It’s been more than a year since I wrote the story for the independent puzzle game, SpaceChem, which was recently posted on the Zachtronics Industries’ website. Since SpaceChem’s release, the story has been hailed as “a passable tale of sci-fi intrigue.” (Eurogamer) and “a lengthy story that’s very well-written indeed, with a sense of humour and a darkness to it.” (Rock, Paper, Shotgun).
One reviewer was thankful that they could skip the “too long, didn’t read” text blocks and move onto the next level. Individuals told Zach (of Zachtronics) that they loved the game, but were dumbfounded when he mentioned the story.
The story was not the main appeal for gamers; it was an added layer, meant to be perused by anyone who was interested in learning more about SpaceChem, the company, and the main character’s adventure.
Zach and I talked about other options for presenting the story before settling on the text narrative. Live- action video was time consuming, cheesy, and outdated, and dialogue boxes combined with character portraits could not show the level of detail we wanted.
So, if SpaceChem wasn’t going to have cut scenes or heavy dialogue, what options did we have? The story was important to us on one level, but entirely incidental to the game. It was there, much like the Codex in Mass Effect, to provide more detail and information for the curious player, but it didn’t have any imaginable impact on gameplay. In the end, the most sensible option was to include it as text with illustrations. Text vignettes allowed us to include descriptive detail and tell the story within the limited scope and budget.
Many puzzle games have no story or narrative, and do not suffer for it, but there are also games that are enhanced with cut scenes and dialogue. Puzzle Agent, by Telltale Games, merges puzzle-solving in a point-and-click adventure and features a cast of voice-acted characters, including Nelson Tethers, FBI puzzle agent. As the player character, Nelson Tether talks to other characters and explores the environment to uncover clues, solve puzzles, and advance the story. Professor Layton and the Curious Village, a similar puzzle game with an adventure game twist, is wrapped in a Victorian mystery about the Golden Apple and tells its story through animated cut scenes and strings of dialogue. The puzzles are integrated in the environment quite successfully in both of these games because of the pretense of puzzles inside of adventure games and the varied nature of the puzzles themselves. Characters in both games are rabid puzzle fanatics, providing a humorous explanation for why everyone wants you to solve their brain teasers before pursuing the greater task at hand.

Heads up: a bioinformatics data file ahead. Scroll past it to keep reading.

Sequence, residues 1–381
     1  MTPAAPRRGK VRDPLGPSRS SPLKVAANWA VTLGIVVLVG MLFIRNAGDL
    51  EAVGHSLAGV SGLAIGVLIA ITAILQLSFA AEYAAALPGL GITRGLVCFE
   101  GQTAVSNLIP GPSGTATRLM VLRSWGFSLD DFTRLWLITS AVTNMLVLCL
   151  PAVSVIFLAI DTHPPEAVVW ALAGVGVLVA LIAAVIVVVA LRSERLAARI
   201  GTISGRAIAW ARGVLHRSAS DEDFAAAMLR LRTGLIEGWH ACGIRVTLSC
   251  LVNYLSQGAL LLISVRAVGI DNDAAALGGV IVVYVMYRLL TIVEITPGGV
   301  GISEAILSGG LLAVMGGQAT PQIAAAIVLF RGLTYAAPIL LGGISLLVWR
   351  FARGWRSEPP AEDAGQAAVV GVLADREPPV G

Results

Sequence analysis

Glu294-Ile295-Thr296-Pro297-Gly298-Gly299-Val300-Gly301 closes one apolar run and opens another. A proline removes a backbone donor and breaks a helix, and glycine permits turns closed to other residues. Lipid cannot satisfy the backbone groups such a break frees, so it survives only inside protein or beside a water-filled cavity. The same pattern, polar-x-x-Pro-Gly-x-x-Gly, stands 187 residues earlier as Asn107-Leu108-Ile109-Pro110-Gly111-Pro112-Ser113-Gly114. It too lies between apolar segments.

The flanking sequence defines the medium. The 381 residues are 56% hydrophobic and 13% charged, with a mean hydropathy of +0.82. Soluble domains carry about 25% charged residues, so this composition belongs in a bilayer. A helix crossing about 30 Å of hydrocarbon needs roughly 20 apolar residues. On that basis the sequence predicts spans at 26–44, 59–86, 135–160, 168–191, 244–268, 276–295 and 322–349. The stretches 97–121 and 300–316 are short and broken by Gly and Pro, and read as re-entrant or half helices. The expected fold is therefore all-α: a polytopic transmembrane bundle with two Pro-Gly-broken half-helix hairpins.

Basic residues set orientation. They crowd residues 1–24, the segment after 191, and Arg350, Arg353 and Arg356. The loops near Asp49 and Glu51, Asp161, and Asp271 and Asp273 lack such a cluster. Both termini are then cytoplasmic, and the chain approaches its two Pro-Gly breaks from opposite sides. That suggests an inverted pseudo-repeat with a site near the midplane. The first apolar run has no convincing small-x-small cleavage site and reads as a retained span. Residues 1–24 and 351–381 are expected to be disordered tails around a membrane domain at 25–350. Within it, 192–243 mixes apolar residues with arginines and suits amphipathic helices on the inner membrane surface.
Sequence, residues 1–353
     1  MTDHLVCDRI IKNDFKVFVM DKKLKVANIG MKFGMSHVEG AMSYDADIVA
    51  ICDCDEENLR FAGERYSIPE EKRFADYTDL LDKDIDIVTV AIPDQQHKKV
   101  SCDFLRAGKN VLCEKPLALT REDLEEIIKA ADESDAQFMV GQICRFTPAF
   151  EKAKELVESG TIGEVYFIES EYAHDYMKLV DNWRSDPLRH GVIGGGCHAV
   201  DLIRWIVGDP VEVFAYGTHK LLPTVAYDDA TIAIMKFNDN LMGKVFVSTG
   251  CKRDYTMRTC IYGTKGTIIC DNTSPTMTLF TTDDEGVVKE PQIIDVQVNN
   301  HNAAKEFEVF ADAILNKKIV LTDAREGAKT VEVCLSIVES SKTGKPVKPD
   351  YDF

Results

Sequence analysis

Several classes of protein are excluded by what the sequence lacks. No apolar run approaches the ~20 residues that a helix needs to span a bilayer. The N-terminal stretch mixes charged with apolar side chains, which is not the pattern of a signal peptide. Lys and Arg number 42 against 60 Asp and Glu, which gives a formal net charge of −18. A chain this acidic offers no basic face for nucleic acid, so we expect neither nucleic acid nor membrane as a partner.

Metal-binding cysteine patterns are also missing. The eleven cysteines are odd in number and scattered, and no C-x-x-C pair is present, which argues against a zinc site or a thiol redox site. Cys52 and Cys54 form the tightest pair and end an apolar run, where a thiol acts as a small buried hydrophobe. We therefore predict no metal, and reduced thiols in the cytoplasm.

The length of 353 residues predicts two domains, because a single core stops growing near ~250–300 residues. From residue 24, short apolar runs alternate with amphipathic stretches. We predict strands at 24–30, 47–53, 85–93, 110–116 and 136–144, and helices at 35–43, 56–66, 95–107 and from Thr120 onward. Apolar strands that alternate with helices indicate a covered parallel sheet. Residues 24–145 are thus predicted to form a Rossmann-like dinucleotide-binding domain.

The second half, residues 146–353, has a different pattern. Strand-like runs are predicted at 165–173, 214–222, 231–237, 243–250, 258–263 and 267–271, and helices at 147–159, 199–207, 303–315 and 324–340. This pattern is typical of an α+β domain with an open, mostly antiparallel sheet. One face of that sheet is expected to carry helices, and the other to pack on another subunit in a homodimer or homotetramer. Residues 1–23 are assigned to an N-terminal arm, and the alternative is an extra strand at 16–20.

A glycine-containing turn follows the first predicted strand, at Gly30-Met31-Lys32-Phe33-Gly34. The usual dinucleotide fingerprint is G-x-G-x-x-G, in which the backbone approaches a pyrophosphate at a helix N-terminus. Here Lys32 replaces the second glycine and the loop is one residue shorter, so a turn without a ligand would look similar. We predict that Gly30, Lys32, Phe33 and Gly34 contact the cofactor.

Fleetingly, I’ve thought about what SpaceChem would have been like if we had built it into an adventure game. It would have obscured the core gameplay and required many more resources for art and writing. Besides, what would you do as a character? Walk from your office to the laboratory and access another computer to assemble ammonia? Would you enter the cafeteria for a cup of coffee and have to assemble a caffeine molecule?
SpaceChem’s strength is in its mind-bending and complex puzzles that keep you up at night. Players can spend hours, or even days, crafting a single solution and may come back to optimize later, adding several more hours of gameplay. Less than 3% of all players have beaten the game. Adding one more layer of abstraction on top of the already protracted game would have been excessive and unnecessary.
I realize that the nature of the puzzles in SpaceChem is inherently different from Puzzle Agent and other puzzle-adventure hybrids. SpaceChem’s puzzles are unique, but use the same set of mechanics, and can take a significant amount of thought and time to solve. Puzzle Agent and the Professor Layton series’ puzzles are short brain teasers with few commonalities, very rarely repeating mechanics, and the stories are part of the reward for solving the puzzles. Beating a particular level in SpaceChem is a reward unto itself.
In the end, I am glad we didn’t do live-action video (a la Ruckingenur), drawn-out dialogue driven cut scenes, or using an adventure game shell. Considering the scope, resources, and direction for SpaceChem, the text narrative was a suitable way to add a story. For future games, I hope to write a more integral tale that will appeal to a greater audience with an enhanced presentation and a stronger connection to the game itself.
In the meantime, at least something I worked on has its own Television Tropes page.